If the Blue Jays move on from John Schneider, did a replacement just hit the open market?

Blue Jays manager John Schneider may be looking over his shoulder at some of the managers who have recently hit the unemployment line.
John Schneider, Toronto Blue Jays
John Schneider, Toronto Blue Jays / Michael Zagaris/GettyImages

With Toronto Blue Jays fans clamoring for big changes throughout the organization following their epic postseason failure, one has to wonder whether manager John Schneider will survive the offseason purge, if there is one.

Despite GM Ross Atkins' recent comments, ensuring that Schneider will be back, one has to wonder whether that's the whole truth, considering this front office's problem with openness and transparency. There are countless instances of managers or coaches being given a vote of confidence only to be blindsided by their dismissal shortly after.

It wouldn't be shocking to see this front office turn around and give Schneider the heave-ho tomorrow. The current regime has a penchant for looking out for themselves and keeping up appearances, made exceptionally clear by Atkins' appalling performance at his year-end press conference.

It's not entirely accurate to say that John Schneider single-handedly tanked the season with his decision-making in the Wild Card Series. The analytics-heavy approach, and by extension, the front office, obviously had a large hand in influencing the mind-boggling flawed game plan. But Schneider was the one who blindly carried out the plan despite what the eye test was telling everyone with a pair of eyeballs.

So now the questions about his future in Toronto are swirling like an Autumn wind storm, especially with so many experienced MLB managers recently relieved of their duties and no doubt looking for work.

Which managers should the Blue Jays avoid?

The Blue Jays have a few options if they choose to evaluate all the candidates, but perhaps it's best to skip a couple.

Phil Nevin was let go by the Angels after the season ended. While there's word that the players weren't happy with the decision, he might not be the right fit for Toronto. He has about as much experience as John Schneider, after taking over the interim job when the Angels fired Joe Maddon part way through last season. Sound familiar?

In 268 games (Schneider has 236) managing two generational talents in Mike Trout and Shohei Ohtani, Nevin finished with a 119-149 record. To be fair, he didn't have much else to work with.

Buck Showalter recently announced he wouldn't return to the Mets in 2024. An old-school manager might be what this Blue Jays team needs, but nobody will want to bring the stench of the Mets' wildly disastrous 2023 season anywhere near a team that is facing its own crisis.

Is Gabe Kapler the answer to the Blue Jays' managerial woes?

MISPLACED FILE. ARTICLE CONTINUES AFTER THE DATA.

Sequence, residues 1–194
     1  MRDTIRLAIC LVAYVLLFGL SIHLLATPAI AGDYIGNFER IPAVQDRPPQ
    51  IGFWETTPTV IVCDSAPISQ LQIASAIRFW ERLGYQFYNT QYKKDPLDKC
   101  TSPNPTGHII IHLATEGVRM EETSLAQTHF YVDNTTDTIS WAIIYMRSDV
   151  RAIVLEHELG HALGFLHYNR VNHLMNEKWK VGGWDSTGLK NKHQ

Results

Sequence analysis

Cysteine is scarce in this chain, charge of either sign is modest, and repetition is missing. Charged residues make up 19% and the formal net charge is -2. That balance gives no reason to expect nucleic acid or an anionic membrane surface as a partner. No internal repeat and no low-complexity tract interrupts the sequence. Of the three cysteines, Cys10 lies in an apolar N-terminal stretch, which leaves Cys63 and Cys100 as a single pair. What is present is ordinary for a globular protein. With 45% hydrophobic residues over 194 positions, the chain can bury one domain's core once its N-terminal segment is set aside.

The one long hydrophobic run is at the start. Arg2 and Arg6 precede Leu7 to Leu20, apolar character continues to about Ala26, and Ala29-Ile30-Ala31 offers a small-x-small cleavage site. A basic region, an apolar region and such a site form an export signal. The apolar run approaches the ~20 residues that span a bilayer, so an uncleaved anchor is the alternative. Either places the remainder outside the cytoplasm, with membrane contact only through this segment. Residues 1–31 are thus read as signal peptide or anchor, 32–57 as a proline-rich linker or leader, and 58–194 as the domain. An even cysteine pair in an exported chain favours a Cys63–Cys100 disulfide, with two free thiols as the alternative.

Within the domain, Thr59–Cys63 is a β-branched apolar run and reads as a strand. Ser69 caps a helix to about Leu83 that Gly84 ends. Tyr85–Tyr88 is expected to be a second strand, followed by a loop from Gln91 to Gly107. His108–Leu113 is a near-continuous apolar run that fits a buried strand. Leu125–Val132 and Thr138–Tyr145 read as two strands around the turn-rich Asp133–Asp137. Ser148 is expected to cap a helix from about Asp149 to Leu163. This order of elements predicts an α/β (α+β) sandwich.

That leaves Gabe Kapler, who was ousted from San Francisco's dugout with three games left in the season.

As they're on the West Coast, far from the day-to-day concerns of the battle for the AL East, you may not be familiar with the Giants' current situation. A team that finished 79-83 and fourth in the NL West, Kapler didn't have the roster to seriously compete for the playoffs. By some miracle, he managed to keep them in the Wild Card race up until the final week of the season, but a steep slide at the end of the year doomed his tenure.

Perhaps there's something behind the scenes we're not privy to, but his release seems like a strange move for an organization that was competitive this year despite the personnel Kapler had to work with. And boy, did he ever work with work what he had.

If you think the Blue Jays and John Schneider had a lot of moving parts this season, you haven't seen anything. The feisty Kapler has about as many moving parts on his teams as anybody.

Last season, he used 1.63 pinch hitters per game, the most by any manager and the third season in a row he led that category. This year, he used 1.34 pinch hitters per game. The Jays used .70 per game. Kapler's certainly not afraid to make moves and manages to squeeze as much production as possible out of the potential of his players based on the matchups presented.

Kapler has spent five and half seasons as the bench boss in the majors, two with the Phillies and three and a half in San Francisco. He has put together a 456-411 record, including a 295-248 record with the Giants. He took them to the postseason after a first-place finish in 2021, a year in which he won the NL Manager of the Year, but lost in the NLDS to the Dodgers.

Not afraid to speak his mind, the 48-year-old Kapler would be a breath of fresh air in Toronto after the docile managerial styles of Charlie Montoyo and John Schneider. While he would undoubtedly have to adjust his in-game approach, with a more talented roster in the Jays, he might be the person best suited to light a fire under the players' behinds and get the team in gear to achieve their full potential.